Drive a company car? If so, the Organisation for Economic Cooperation and Development (OECD) is watching you. They’ve released a couple of papers this year – one in July, the other in September – investigating how company cars are taxed across 27 OECD countries as well as South Africa. Their findings are officially summarised here, but the even shorter version is this: they think that the environmental and social costs of company car use are inadequately reflected in the tax system. They want to rectify that via your pay cheque.
The OECD’s argument rests on two types of financial benefit that company car drivers can enjoy. The first is what they call a ‘capital’ benefit: employees can avoid various expenses, such as those to do with registration, insurance and depreciation, simply by not having to acquire a car in the usual manner. The second is a ‘distance’ benefit: employees can save on those motoring costs, such as fuel and maintenance, that normally go up with a car’s odometer reading. So far, this is all very uncontroversial. We know that there are benefits to having a company car, otherwise we wouldn’t have them.
Yet what irks the OECD, in part, is that these benefits aren’t properly taxed by governments around the world. ‘Ideally,’ they say, ‘country tax systems will include the value of both of these benefits as taxable income to the employee.’ But this isn’t what is happening. On their account, for the countries they studied, only 60 per cent of the capital benefit is treated as taxable income. That figure falls to just 20 per cent for the distance benefit. ‘Under-taxation’ is what they call it.
Why is the OECD eager for more taxation? They supply a few reasons. One is that it could help bolster government’s finances. Another is that it could smooth out certain ‘imbalances’ in the system, i.e. ‘when employees with similar total remuneration are taxed differently depending on the form of their income.’ But the main reason is the environmental and social cost of company car use. The OECD’s concern is that lenient tax regimes mean more company cars driving more miles, with knock-on effects for traffic, accidents and pollution. They estimate the cost of this as €121 billion.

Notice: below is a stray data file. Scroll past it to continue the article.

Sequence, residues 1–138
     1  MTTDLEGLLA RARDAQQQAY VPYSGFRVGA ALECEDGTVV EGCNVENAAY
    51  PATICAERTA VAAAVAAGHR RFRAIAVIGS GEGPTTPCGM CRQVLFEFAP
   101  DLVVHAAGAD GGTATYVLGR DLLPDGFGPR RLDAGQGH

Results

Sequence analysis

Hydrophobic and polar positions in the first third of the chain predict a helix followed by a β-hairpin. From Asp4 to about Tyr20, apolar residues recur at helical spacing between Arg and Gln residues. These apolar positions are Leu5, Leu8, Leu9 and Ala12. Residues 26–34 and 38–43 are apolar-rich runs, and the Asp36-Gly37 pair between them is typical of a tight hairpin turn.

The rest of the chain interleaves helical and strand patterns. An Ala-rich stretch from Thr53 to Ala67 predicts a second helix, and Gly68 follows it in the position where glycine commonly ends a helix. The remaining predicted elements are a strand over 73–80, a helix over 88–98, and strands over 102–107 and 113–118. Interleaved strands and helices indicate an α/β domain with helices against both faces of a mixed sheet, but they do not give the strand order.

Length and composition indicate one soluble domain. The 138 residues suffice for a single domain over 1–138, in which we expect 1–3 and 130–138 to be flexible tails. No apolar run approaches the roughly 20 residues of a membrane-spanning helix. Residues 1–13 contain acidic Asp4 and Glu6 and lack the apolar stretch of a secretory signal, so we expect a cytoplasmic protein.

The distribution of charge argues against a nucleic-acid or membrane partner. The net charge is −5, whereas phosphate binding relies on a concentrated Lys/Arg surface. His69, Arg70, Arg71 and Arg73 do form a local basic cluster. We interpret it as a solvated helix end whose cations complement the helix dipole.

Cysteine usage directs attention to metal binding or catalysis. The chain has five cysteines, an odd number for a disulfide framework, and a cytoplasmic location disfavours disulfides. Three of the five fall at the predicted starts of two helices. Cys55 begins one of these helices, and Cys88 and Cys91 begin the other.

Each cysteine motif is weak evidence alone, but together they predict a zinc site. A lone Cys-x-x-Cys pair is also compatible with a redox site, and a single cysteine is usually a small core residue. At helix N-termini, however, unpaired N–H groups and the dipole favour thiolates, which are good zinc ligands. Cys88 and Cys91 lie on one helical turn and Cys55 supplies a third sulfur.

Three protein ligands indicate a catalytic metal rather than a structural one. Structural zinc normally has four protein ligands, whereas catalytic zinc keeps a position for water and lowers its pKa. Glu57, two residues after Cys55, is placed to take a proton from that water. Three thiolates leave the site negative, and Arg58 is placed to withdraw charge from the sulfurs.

At which point, it should be said that the United Kingdom is far from the OECD’s worst performer in this regard. Against the organisation’s proposed ‘benchmark’ for the taxation of company cars, the UK already captures about 65 per cent of the revenues it might; which may not be as high as Canada’s 98 per cent, but it’s way ahead of Portugal’s 17 per cent. And, what’s more, the efforts of our politicians to tighten the tax regime are highlighted in these reports. ‘Over the past two decades, the United Kingdom has reduced or eliminated these perverse incentives in the tax system.’ Gold star for us.
Or perhaps that should be a silver or a bronze star. For 65 per cent still is still 35 per cent below the OECD’s benchmark standard. And that standard is effectively higher taxes for company car users. As they put it: ‘individuals should be required to include in their taxable income an amount equal to the cost of purchasing equivalent goods and services.’
As much as our wallets may squeal at the prospect, higher taxes shouldn’t be dismissed out of hand. There is, as we have pointed out on this blog recently, a debate to be had about the revenues raised from and then spent on motorists. But, that said, there are some problems with the OECD’s prospectus. Which politician would, at a time when prices are still increasing faster than wages, advocate a severe crackdown on one of employment’s little perks? And, if they did, what would be the effect on the economy? In 2013, some 54 per cent of all first car registrations were made by companies. The trees may be glad if that figure goes down. Manufacturers would be less so.
But the biggest question mark hanging over these OECD analyses could also be a solution. They approach the problem from one angle: to mitigate against the €121 billion social and environmental costs, we must raise taxes to both make up some of the cash and reduce company car use. But there’s another angle too: making company cars cleaner. Bring on the electric revolution.